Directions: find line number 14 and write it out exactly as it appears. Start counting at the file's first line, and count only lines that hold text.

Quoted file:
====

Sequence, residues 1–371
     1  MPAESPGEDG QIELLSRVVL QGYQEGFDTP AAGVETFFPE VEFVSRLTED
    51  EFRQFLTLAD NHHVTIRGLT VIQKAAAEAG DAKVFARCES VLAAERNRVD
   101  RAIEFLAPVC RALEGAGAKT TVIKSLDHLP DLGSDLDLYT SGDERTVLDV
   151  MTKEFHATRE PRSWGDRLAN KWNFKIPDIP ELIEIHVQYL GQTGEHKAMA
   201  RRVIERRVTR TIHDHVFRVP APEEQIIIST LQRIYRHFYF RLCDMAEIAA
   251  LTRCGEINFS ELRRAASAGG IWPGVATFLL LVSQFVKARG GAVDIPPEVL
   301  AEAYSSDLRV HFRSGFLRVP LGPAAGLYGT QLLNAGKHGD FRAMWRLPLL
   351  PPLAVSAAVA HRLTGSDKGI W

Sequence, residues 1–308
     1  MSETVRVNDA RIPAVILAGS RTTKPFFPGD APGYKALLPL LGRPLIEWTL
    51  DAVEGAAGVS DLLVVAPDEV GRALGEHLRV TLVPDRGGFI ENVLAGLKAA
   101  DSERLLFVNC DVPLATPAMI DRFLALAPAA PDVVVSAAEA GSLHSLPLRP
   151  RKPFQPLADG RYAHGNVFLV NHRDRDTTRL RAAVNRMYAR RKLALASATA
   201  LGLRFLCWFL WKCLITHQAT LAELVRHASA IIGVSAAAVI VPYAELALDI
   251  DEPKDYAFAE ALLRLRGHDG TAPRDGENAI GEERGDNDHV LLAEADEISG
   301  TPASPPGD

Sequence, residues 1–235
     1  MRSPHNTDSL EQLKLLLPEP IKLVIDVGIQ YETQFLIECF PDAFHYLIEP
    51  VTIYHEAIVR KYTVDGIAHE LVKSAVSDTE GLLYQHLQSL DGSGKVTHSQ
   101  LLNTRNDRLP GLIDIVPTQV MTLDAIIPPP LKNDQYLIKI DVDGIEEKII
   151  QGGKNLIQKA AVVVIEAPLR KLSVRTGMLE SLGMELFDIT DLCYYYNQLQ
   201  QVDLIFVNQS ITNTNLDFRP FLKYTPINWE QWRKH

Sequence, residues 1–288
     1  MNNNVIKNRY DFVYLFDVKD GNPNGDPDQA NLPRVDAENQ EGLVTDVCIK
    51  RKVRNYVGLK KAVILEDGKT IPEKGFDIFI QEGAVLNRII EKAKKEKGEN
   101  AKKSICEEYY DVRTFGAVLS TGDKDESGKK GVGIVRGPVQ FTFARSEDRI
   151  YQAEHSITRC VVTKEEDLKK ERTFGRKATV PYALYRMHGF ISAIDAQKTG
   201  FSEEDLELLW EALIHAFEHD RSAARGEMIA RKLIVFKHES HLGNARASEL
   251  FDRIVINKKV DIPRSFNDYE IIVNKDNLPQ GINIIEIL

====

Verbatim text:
   151  RKPFQPLADG RYAHGNVFLV NHRDRDTTRL RAAVNRMYAR RKLALASATA